The Gospel that is Not

August 21, 2012

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Today, NoSuperHeroes welcomes Chance Faulkner. He resides in Canada with his lovely wife. Chance is a recent newlywed and graduate of the Emmaus School of Biblical Studies. You can follow him on his blog and Twitter. He also runs a photography business.
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We live in a time in history where, more than ever, it seems that the life, death and resurrection of Jesus is assumed. We Christians pay so much attention to what we need to do for God and do not put nearly enough emphasis on what Jesus has already done on our behalf.

Therefore, in the church today we often move beyond the gospel and turn instead to what Christian Smith has termed “Moralistic Therapeutic Deism”.

In its basic form, “Moralistic Therapeutic Deism” says to try harder, be better, pick yourself up from your bootstraps, and use God as an enhancement tool towards living a better life.

We prefer to see Jesus as our life coach who helps us be better people, rather than the Savior who saves sinners by doing something for us that we could not do for ourselves.

So rather than motivating people with grace, we motivate them with works.

Even if we think we understand the gospel, when we assume that our congregations, small groups, and friends understand grace and therefore skip right past it and go straight to application, we are still motivating them by works and not the gospel.

I have seen countless friends grow up in the church youth group, hearing so many rules and commands without hearing the explicit motivation and reason behind the commands. Christianity becomes “being a good person who follows the rules”.

We preach topical sermons on money, marriage, and relationships, but Jesus is completely absent from them. This breeds Christians who try really hard, being a good person who follows all the rules.

When we succeed, we become full of pride and look down upon those people who are not doing as well. But when we fail, stumble, are struck by tragedy, dominated by habitual sin, or are crushed by life’s circumstances, we become angry and bitter with God because he is not treating us fairly for our good works and giving us what we “deserve”.

So we either try even harder to be better, or we despair and give up all together. We leave the church without ever experiencing a true relationship with Christ.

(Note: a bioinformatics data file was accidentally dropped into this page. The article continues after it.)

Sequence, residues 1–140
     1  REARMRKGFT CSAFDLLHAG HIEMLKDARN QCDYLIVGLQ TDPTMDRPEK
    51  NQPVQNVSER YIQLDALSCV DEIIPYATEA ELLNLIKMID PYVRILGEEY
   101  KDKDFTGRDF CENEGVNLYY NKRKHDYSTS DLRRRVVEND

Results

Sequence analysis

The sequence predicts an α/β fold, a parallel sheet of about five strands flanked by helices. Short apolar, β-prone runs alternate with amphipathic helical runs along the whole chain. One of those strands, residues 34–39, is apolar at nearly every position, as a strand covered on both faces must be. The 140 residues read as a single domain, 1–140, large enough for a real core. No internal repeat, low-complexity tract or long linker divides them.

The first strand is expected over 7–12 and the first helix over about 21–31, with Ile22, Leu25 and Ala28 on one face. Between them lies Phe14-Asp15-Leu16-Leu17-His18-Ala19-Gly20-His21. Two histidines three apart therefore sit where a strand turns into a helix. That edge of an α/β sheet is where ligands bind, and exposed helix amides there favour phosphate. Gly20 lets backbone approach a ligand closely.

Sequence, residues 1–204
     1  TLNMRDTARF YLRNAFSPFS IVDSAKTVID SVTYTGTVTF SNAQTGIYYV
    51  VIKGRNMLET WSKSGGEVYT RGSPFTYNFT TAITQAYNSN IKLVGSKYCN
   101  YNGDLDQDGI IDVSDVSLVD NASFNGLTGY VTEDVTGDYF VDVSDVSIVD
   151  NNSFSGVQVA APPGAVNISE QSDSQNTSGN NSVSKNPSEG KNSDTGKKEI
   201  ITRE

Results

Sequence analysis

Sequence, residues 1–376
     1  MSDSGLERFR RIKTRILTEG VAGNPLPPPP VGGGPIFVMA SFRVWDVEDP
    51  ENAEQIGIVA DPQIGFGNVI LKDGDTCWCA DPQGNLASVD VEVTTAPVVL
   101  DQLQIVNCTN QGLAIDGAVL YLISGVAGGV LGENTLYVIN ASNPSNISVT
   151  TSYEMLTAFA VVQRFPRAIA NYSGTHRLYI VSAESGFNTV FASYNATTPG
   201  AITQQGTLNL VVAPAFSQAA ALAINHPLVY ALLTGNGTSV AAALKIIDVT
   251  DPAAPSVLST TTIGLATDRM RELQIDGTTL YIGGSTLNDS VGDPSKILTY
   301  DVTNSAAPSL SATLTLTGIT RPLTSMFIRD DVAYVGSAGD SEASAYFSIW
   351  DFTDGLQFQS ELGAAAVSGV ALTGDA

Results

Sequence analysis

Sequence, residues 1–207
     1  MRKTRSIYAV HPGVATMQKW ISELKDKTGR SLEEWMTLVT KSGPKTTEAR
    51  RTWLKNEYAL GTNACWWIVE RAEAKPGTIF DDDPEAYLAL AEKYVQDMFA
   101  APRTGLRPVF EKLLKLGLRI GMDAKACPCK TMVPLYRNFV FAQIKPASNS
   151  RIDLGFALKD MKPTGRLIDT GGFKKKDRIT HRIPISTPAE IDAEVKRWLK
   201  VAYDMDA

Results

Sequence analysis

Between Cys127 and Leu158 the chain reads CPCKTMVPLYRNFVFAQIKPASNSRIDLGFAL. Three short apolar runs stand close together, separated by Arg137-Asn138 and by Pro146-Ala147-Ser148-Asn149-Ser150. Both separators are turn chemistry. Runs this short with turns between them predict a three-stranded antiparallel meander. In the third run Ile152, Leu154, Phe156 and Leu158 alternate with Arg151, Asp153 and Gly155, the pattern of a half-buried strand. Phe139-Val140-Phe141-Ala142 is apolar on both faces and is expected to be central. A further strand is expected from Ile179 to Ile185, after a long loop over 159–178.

In John 8, Jesus’ command to the women caught in adultery comes after the grace that he gives to her. He doesn’t forgive her conditionally based on her promise of better behavior, but instead her motivation for behaving better comes from the free, unmerited gift of grace that he gives her. She is not obligated to live this way so that God will love her, but she is free to live righteously because God has already loved her. (for more thoughts on John 8 read my blog)

In Ephesians 3, Paul has a beautiful prayer for the believers. Those in the Ephesian church were mostly Gentiles, new Christians coming out of a culture where sex and sensual pleasure played a vital role in worship, including temple prostitution and cults that were violent, orgiastic and ecstatic. This is the lifestyle these people are coming out of, and probably still struggling with. If there was any church that seemed like it needed the most “behavior control”, it was these guys. Yet check out what Paul prays for them:

“so that Christ may dwell in your hearts through faith—that you, being rooted and grounded in love, may have strength to comprehend with all the saints what is the breadth and length and height and depth, and to know the love of Christ that surpasses knowledge, that you may be filled with all the fullness of God.” (Ephesians 3:17–19)

Do you see what Paul just did? He didn’t pray that they would try harder, becoming better people, but he instead prays that they can BELIEVE better. Only in understanding the love of Christ can we truly be motivated in our hearts, dealing harshly with sin.

God has done something in Christ that you could not do for yourself.

While you were unclean, he made you clean. While you have sin, he gives you his righteousness. This is good news. This is the gospel.

So in light of this amazing, marvelous good news, what are you going to do about it?

Let’s start by preaching Christ crucified and not Moralistic Therapeutic Deism – the gospel that is not.

chance faulkner

Chance was born and raised in Peterborough,Ontario, Canada. He has eight sisters and four brothers. After high school he completed a Discipleship Training School (DTS) with Youth With A Mission (YWAM) in Germany, then participated in a nine month intensive Bible course with Emmaus School of Biblical Studies (ESBS) in North Carolina, where he met his wife Mary Austin.

This is the second post from a member of the Emmaus School of Biblical Studies. Tom Phillips, leader of the school has previously posted “A Faithful God, A Doubting Heart, and a Good Journey.

 

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Chris

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A missionary teacher for 24 years currently living in South Africa. I am a recovering superhero, daily in need of the grace of God